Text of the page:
Now that Billy on the Street is more popular and chances are higher that you’ll get recognized, does that change things? I feel like part of the show’s charm in the beginning was that people didn’t recognize you when you would approach them on the street.
You know, there’s a lot of people in New York City and they’re here from all over the world. Chances are, not everyone is on the Billy on the Street bandwagon. We’ll see, we’ll take it season by season and if I have to start filming in Africa, then that’s what we do.
Your show is super New York specific, though. What is it about New Yorkers that make them such good sources of comedic possibility?
Oh, everything. They’re smart, they don’t put up with bullshit, they’re game. During the interaction I have with people, that ambush, you know, it’s not for everybody. But there are a lot of people who just are willing to participate, even though they have no idea what it is. It just seems strange and fun to them. And, they’re New Yorkers! So they’re funny and they’re pop culture savvy and they give as good as they get, and that’s just intrinsic to the show.
Do you think that the New York specificity of the show affects how it resonates in the rest of the country? Do other people love you as much as New Yorkers do?
Uh, yeah! Well, I know that they do thanks to Twitter and Facebook and YouTube and all that. You might not be a person who wants to live in New York 24/7 but you have to be out of your damn mind not to be excited about what’s happening here because this is still like the center of the universe to many people. There’s also so much diversity on the show because we’re in New York and that’s something very rare on TV. Every minute there’s someone from a different background, someone from a different race, a different ethnicity, a different cultural background, a different economic background, a different sexual orientation. It’s anything and everything that you run into in New York and you don’t get that everywhere. I’m a native New Yorker and I grew up taking the subway to high school everyday so I’m used to all that. But, for someone from a small town, that’s interesting, that’s fresh to them.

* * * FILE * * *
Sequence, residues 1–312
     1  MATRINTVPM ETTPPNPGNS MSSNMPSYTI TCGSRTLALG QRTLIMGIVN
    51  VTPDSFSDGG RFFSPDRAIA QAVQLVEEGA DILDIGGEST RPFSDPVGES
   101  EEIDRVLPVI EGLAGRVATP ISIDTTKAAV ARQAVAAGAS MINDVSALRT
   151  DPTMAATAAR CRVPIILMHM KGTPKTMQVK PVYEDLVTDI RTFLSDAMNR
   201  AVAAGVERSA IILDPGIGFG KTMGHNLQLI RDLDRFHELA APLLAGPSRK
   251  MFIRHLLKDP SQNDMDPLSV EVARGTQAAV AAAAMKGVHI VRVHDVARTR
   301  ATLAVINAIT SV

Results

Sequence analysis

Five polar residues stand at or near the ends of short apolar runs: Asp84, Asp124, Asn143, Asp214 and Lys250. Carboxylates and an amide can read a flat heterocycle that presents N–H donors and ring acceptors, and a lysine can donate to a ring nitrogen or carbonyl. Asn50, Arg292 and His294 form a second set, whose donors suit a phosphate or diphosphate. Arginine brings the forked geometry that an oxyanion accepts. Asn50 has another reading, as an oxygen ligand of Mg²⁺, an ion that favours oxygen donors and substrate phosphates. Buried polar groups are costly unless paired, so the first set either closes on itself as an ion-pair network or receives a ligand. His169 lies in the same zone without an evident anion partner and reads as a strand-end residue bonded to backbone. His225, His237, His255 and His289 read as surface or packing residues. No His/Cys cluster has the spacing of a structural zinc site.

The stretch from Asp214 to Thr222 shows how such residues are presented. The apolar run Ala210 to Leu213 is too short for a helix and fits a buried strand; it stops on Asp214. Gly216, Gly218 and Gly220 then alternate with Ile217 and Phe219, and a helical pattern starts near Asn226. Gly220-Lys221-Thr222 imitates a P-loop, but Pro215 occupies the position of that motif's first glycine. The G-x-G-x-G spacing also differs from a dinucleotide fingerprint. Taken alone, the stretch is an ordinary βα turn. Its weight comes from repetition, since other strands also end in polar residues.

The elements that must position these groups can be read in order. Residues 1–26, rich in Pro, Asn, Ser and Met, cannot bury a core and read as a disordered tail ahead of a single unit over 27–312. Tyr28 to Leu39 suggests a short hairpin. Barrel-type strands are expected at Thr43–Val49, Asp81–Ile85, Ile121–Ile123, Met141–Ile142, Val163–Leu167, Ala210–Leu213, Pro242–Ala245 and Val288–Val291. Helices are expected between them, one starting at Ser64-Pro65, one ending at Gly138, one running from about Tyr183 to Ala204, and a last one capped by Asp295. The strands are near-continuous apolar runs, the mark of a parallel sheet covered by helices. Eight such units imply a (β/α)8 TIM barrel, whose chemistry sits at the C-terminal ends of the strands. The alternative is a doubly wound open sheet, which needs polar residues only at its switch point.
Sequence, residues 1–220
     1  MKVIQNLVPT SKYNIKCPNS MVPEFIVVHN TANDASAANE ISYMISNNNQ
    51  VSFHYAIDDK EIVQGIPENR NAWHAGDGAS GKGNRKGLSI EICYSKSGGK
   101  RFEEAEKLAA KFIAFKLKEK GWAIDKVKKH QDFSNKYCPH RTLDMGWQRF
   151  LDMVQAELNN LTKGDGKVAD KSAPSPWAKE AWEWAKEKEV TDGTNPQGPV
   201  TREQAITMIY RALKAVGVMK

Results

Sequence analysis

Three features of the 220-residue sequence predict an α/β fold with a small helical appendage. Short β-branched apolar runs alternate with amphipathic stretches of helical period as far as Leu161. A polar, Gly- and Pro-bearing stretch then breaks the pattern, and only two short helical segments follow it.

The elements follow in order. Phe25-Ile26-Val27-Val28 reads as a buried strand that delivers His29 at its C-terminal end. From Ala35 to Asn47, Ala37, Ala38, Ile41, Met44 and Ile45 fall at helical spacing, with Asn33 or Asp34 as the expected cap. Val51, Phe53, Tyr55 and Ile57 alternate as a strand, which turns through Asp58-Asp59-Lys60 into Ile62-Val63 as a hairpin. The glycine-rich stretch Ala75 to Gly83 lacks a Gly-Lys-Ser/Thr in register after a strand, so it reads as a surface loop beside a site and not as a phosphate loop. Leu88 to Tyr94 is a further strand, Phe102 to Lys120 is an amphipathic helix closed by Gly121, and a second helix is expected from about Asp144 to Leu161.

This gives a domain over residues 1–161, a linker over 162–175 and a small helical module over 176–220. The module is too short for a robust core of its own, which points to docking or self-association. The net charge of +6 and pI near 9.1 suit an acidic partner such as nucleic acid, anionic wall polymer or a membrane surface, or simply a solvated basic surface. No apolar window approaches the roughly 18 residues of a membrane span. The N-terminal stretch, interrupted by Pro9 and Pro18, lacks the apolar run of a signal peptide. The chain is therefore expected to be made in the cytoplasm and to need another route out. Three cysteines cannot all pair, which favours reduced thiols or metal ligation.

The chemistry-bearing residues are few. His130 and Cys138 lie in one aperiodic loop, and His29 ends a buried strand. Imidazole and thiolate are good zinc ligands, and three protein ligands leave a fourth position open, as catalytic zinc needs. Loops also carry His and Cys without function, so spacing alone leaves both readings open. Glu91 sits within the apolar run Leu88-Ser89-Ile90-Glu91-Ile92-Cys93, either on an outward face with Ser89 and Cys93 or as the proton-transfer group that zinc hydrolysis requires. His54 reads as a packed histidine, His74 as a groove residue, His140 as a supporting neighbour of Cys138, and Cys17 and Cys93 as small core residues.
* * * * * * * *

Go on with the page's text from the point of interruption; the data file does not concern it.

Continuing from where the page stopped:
Does it take some smoothing over to get people to sign the release after you’ve yelled at them in the street?
Yeah, you know, there’s always a couple of people who are angry that don’t want to sign the release, or just people who aren’t angry but don’t want to sign the release because they don’t want to be on television or because they don’t quite get the joke. But, for the most part I have a really great production team who follows me around, and they’re willing to go up to these people and they just explain what it is, you know, “He’s crazy and he’s a comedian and it’s for a game show on TV and on the internet that’s produced by Will Ferrell’s production company and that’s the spirit that it’s in.” Most of the time people do sign the release and they get that it’s an absurd joke and they’re willing to play along.
So, in some ways, Fuse isn’t the most natural place for your show. Do you feel pressure to work in music-related jokes?
Um, that’s a good question. Fuse is a music network and 99.9% of their programming is music related and I ask questions about singers and musicians all the time. But at the same time, when it comes to this show, there was no way that I was going to do 100% music questions. That’s not what the show was supposed to be and that’s not what I was doing online and it’s just not what I’m interested in. I do get a lot of creative freedom on the show and I do try and sprinkle in some music references in most of the episodes but they don’t hold me to it. I really wouldn’t be able to do Billy on the Street otherwise because you can’t predict what could lead to the interactions that could end up on the show before you shoot them. So, you know, they’re cool with it and it all works out.